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There are freezing masses in the US. 842000 people without a home on a given night in February. Yeah, that's insignificant and negligible. 3.5 million people experiencing homelessness in a given year. Of course, the fact these people won't get pensions in the schemes you promote don't matter : life expectancy is very low for the homeless.

There is absolute poverty in the US and other industrialized countries. And the number of people living in poverty varies according to the state policies.

Try to use facts rather than groundless affirmations.

Un roi sans divertissement est un homme plein de misères

by linca (antonin POINT lucas AROBASE gmail.com) on Thu Oct 25th, 2007 at 04:22:32 PM EST
[ Parent ]
That's about 3 per 1000. Compared to Australias 5 per thousand. The estimates in France range between 90.000 and half a million, depending on who you ask, which is about 1.3 per thousand to 7.5 per thousand. In Sweden there is about 2.5 homeless per 1000. In United Kingdom there seems to be a bit over 2 per 1000, and in Canada 4.5 per 1000. And in Japan between 0.12 and 3 per 1000 depending on who you ask.

Although I suspect most of these differences are based on how you measure, again this supposed huge poverty in the US vanished in a big puff of smoke when you actually look at it.

Besides, most people that are truly homeless, ie really have no permanent place to keep their stuff for a significant period of their lifes in the US are homeless for the same reasons as the homeless in France or anywhere else in the western world, and that drug abuse, alcoholism och mental disorders. That is not a poverty issue.

It's hard to measure. I have been officially homeless. Once for 14 months I didn't have an official address. I still had somewhere to sleep (although this admittedly was just a bunkbed in the dormitory at the military). That's not real homelessness, but it counts in the statistics. I've also had a shorter period of a month or so where I moved around amongst friends. I just couldn't get a permanent place to Stay in Stockholm, because the housing market there is highly regulated which in practice means that the only way you kind find a place is to rent illegaly in second hand for ridicolous prices. That's homelessness in a more real sense (although it probably didn't count in the statistics since I put my permanent address at my parents by that time), but not a poverty issue in any real sense.

by freedomfighter on Fri Oct 26th, 2007 at 11:56:55 AM EST
[ Parent ]
Read links when you try to reply.

3.5 million people experiencing "homelessness" is 1.5 %, not thousandth.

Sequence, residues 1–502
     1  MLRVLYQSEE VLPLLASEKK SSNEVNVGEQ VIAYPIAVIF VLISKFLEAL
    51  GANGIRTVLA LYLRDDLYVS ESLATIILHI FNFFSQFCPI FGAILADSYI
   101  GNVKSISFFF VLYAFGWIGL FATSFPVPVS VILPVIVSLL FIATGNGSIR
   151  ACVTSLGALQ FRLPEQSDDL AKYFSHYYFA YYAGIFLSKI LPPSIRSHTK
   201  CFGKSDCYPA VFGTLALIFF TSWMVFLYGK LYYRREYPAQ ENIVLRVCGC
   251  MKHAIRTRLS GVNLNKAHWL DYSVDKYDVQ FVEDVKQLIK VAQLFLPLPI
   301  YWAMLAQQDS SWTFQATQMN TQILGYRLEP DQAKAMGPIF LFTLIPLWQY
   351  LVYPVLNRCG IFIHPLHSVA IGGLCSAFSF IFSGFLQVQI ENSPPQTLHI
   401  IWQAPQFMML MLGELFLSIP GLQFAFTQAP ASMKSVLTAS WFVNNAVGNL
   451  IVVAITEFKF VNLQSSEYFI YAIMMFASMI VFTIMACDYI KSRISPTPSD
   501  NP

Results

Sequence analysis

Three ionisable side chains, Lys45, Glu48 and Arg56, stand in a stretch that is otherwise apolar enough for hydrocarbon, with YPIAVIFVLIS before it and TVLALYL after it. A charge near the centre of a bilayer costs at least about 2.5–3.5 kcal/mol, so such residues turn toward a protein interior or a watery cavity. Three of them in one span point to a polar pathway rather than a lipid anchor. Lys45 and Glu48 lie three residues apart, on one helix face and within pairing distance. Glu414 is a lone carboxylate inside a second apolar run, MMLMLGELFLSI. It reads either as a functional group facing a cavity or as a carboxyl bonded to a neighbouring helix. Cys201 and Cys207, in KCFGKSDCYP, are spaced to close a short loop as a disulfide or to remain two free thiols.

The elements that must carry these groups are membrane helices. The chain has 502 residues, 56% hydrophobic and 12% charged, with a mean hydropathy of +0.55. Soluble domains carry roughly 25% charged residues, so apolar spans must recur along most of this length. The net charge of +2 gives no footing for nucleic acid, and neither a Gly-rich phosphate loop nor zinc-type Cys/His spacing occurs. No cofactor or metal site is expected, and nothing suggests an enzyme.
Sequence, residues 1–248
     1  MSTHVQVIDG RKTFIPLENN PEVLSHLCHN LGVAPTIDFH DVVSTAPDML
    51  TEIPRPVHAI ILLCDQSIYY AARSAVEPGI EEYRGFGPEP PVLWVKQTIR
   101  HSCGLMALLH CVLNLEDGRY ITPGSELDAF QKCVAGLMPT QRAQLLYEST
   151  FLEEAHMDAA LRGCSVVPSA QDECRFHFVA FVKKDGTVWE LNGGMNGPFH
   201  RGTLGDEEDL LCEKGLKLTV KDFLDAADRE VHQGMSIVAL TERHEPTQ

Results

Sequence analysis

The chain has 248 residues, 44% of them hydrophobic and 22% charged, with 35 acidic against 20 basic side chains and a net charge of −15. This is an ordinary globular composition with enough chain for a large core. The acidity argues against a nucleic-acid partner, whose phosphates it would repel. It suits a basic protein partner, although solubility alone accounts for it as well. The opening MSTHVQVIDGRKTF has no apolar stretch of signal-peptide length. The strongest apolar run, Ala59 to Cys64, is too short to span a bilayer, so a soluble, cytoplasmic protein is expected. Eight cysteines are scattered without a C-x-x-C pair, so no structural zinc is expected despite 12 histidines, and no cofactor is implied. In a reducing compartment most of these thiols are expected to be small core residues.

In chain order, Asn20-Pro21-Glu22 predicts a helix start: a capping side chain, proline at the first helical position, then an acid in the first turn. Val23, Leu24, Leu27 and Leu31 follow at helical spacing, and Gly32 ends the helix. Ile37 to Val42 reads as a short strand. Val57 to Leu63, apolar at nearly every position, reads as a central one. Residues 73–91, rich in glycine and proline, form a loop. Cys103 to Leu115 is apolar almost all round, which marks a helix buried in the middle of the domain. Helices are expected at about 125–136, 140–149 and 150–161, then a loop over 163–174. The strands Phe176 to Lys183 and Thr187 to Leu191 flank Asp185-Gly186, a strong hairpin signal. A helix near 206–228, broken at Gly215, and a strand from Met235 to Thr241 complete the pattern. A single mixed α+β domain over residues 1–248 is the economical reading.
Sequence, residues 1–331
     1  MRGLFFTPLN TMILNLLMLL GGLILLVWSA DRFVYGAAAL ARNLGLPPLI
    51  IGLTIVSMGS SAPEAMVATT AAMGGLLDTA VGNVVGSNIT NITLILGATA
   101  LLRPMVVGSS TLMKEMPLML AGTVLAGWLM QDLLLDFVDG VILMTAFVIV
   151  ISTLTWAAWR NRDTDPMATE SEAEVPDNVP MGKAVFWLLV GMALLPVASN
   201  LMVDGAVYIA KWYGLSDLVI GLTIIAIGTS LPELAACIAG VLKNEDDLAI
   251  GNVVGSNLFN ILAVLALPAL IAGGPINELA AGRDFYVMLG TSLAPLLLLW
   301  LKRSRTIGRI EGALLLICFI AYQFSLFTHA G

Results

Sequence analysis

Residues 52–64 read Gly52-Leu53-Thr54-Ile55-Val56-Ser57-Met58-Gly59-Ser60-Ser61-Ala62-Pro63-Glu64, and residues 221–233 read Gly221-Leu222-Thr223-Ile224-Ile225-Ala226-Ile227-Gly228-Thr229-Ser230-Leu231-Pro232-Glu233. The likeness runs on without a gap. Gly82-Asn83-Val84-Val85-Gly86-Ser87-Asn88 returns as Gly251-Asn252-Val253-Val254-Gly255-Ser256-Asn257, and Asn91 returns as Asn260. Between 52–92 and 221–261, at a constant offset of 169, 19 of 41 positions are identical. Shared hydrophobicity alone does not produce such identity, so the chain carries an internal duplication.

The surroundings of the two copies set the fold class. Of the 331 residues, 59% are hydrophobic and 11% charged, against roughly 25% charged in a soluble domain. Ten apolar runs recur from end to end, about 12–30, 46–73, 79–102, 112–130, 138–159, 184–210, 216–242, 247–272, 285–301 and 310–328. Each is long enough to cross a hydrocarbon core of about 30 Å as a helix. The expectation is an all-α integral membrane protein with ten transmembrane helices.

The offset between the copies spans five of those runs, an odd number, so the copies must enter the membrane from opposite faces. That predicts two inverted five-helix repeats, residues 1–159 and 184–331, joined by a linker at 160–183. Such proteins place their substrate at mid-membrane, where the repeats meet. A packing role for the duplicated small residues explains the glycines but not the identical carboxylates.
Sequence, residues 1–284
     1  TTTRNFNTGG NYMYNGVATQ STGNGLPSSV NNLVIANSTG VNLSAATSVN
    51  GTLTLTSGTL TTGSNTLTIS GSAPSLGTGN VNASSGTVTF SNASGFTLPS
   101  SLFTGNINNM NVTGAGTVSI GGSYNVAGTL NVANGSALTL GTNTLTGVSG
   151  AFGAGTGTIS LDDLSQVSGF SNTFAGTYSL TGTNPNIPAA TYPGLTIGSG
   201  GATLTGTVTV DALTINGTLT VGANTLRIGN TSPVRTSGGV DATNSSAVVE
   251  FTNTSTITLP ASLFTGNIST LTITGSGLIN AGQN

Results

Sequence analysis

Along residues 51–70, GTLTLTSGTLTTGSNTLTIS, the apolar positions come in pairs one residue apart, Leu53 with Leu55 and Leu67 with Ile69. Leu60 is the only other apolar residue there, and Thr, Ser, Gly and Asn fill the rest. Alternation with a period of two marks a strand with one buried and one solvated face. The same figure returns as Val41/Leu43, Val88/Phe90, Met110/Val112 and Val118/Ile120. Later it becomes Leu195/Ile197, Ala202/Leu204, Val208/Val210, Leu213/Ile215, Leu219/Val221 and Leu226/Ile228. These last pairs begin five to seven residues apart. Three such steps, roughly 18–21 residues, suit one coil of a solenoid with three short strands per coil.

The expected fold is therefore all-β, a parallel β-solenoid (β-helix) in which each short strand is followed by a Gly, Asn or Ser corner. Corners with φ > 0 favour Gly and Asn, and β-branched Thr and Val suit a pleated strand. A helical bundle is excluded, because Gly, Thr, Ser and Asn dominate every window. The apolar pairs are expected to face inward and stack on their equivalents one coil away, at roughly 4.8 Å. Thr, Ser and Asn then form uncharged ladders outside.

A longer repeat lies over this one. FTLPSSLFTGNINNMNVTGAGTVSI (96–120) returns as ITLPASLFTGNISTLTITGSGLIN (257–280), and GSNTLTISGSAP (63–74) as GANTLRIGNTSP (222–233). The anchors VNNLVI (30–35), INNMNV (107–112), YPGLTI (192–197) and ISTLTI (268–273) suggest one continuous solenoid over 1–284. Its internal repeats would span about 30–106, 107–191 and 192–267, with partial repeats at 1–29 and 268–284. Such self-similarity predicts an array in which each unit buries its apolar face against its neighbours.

There are working people, who have a daily job, and are homeless. People who aren't alcoholic or mad. A third of the homeless in France ; a similar share in the US.

And it's not about "not having permanent address". It's about having no place to sleep in, and having to ask to an emergency shelter. The fact that you compare your past situation to homelessness shows you have only a very tenuous grasp with what poverty actually means in the industrialised world.

Un roi sans divertissement est un homme plein de misères

by linca (antonin POINT lucas AROBASE gmail.com) on Fri Oct 26th, 2007 at 12:15:24 PM EST
[ Parent ]
"Experiencing homelessness" during the course of a year is not the same as "being homeless", and therefore not even remotely comparable to the numbers for the other countries, and as such not useful.

And it's not about "not having permanent address". It's about having no place to sleep in, and having to ask to an emergency shelter.

No it's not. It is about not having a permanent adress. That's the definition used, and then number of around 800.000 is what other sources also use. And that is NOT about going to shelters, but not having apermanent address.

The fact that you compare your past situation to homelessness shows you have only a very tenuous grasp with what poverty actually means in the industrialised world.

Realitycheck: It is homelessness in the definitions used to gather the statistics above. I explained this in my post. What was unclear?

Try to use facts rather than groundless affirmations.

Try to not throw stones in glass houses. You just claimed that 1.5% of the population of the US lives in shelters or on the streets. That's ridicolous. It's time to come back to reality.

by freedomfighter on Fri Oct 26th, 2007 at 02:38:01 PM EST
[ Parent ]
The word "address" doesn't appear on the link I provided. Nor in the page where that site define homelessness. So I fail to see how you deduce that the statistics are compiled with your definition of homelessness. Again, read the links. (And it's not only shelters and street, either.)

"Experiencing homelessness" may not be the same as "being homeless", but it is a sure sign of strong poverty, of unreliability of housing access. It is an indicator of absolute poverty.

And 1.5% of Americans experiencing homelessness every year is reality, as frightening as the 2% that sleep in jail every night (another indicator of poverty)

Un roi sans divertissement est un homme plein de misères

by linca (antonin POINT lucas AROBASE gmail.com) on Fri Oct 26th, 2007 at 07:28:03 PM EST
[ Parent ]